Fisher’s specialized equipment proved wildly successful, and he soon discovered over 1,000 gold coins. Then, in 1969, Fisher learned about the Nuestra Senora de Atocha, and he focused all his search efforts on her, motivating his team with the motto: Today’s the Day! Little did Fisher know that the search for the Atocha would consume the next 16 and a half years of his life.
First in 1973, and then in 1975, Fisher’s eldest son Dirk, who had followed his father into the business, found three silver bars and five bronze cannons from the Atocha. Just a few days after the second discovery, Dirk, his wife, and another diver were sleeping on board a boat when it suffered a bilge pump failure and capsized. Three lives were lost.
Despite this tragic loss, Fisher persevered. In 1980, Fisher discovered the wreck of the Santa Margarita and brought up over $20 million in gold and other treasure. Then, on July 20, 1985, another of Fisher’s sons, Kane, radioed his father, “Put away the charts; we’ve found the main pile!” The Atocha had finally been found.
Fisher and his team were able to bring up 40 tons (36 tonnes) of gold and silver, 114,000 “pieces of eight”, gold coins, 1,000 silver ingots, gold and silver artifacts and 71 pounds (32 kg) of Colombian emeralds. The salvaged coins bore mint marks ranging from the early 1500s to 1621, and many of these coins had never been seen before.
The haul was valued at $450 million, however, still unaccounted for according to the ship’s manifest were 162 copper ingots, 14 bronze cannon, 125,000 silver coins, 433 silver bars, 111 gold bars, and in the sterncastle where the captain’s cabin was located, 35 boxes of gems and jewelry. The emeralds on the ship were from Colombia’s renowned Muzo Mine, and are the finest in the world.
A scientific treasure trove
While finding the Atocha made Fisher, his employees and investors millionaires, perhaps even more valuable than the gold and silver were the historical artifacts divers were able to bring to the surface. These included rare 17th-century navigational instruments and ceramic vessels.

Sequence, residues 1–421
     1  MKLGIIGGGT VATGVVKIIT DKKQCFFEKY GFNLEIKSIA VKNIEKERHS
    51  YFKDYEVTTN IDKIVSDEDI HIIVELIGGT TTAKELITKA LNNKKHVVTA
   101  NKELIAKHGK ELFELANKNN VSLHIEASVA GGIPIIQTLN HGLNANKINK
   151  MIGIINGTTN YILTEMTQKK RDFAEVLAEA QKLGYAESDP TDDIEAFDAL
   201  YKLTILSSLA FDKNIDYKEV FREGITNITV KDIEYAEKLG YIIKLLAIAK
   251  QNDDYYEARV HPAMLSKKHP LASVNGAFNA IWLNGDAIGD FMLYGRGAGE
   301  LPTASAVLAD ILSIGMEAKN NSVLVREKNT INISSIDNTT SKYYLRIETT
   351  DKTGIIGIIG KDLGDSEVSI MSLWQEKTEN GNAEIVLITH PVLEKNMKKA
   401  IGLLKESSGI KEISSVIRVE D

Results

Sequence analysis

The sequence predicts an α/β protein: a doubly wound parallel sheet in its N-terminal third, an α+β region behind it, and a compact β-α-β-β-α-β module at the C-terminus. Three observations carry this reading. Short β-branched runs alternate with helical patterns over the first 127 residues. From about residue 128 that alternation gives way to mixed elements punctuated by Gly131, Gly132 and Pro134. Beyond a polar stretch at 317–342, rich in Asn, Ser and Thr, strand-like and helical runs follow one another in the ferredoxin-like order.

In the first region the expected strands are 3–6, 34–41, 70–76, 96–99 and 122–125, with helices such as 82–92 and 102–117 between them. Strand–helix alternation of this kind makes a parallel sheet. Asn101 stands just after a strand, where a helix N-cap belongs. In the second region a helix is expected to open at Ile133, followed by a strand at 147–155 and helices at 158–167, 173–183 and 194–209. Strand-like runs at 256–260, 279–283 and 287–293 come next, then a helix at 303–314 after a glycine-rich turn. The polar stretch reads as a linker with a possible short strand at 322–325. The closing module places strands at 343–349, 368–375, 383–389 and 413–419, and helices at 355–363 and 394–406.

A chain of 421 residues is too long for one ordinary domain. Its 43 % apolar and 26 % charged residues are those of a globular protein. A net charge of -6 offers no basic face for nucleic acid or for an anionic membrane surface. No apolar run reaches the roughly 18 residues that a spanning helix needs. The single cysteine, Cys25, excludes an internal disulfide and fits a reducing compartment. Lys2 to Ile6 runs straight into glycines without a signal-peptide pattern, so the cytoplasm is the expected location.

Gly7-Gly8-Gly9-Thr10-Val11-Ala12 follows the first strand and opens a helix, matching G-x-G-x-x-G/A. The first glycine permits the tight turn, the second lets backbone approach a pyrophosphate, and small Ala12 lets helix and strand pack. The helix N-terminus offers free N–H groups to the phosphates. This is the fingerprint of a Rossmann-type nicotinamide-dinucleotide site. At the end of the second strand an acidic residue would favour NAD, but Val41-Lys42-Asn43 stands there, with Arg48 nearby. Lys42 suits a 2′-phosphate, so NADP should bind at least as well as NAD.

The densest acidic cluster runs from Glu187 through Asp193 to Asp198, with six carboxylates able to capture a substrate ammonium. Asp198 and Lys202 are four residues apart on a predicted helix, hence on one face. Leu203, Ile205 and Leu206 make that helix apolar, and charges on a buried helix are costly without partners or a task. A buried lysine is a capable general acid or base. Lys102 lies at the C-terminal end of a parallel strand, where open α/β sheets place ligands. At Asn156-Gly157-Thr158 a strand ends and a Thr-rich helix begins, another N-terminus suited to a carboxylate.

Also recovered were several bezoar stones, which are egg-sized objects from the digestive tracts of lamas, alpacas, deer, and sheep. It was thought that when dipped into a cup of liquid, a bezoar stone would remove any toxins or poisons, and for the rich and powerful of the 17th-century, these were a strong draw.
Following the discovery, Mel Fisher appeared on “The Tonight Show with Johnny Carson” wearing one of the enormous gold chains from the wreck. With the State of Florida thus alerted to the discovery, the state claimed title to the wreck and insisted that Fisher give 25% of the treasure to the state.
Never the one to back down, Fisher sued the State of Florida, and it took eight years before the case was heard by the U.S. Supreme Court. On July 1, 1982, the Supreme Court ruled in Fisher’s favor, awarding him full rights to the Atocha’s treasure.
Many of the items recovered from the Atocha were placed on display at the Mel Fisher Maritime Museum in Key West, Florida. In 1987, the U.S. Congress passed the Abandoned Shipwreck Act, which gives states the rights to shipwrecks located within three miles of their coasts.
Mel Fisher died on December 19, 1998, however, he left behind the Mel Fisher Center, Inc., which provides conservation and exhibition facilities for many of the treasures found during his salvage expeditions.
In June 2011, Fisher’s divers found an emerald ring, two silver spoons, and other artifacts. The ring alone was valued at $500,000. In 2014, the Nuestra Señora de Atocha was added to the Guinness Book of World Records as being the most valuable shipwreck ever to be recovered and the most valuable treasure ever found in the ocean.
Mel Fisher’s Treasures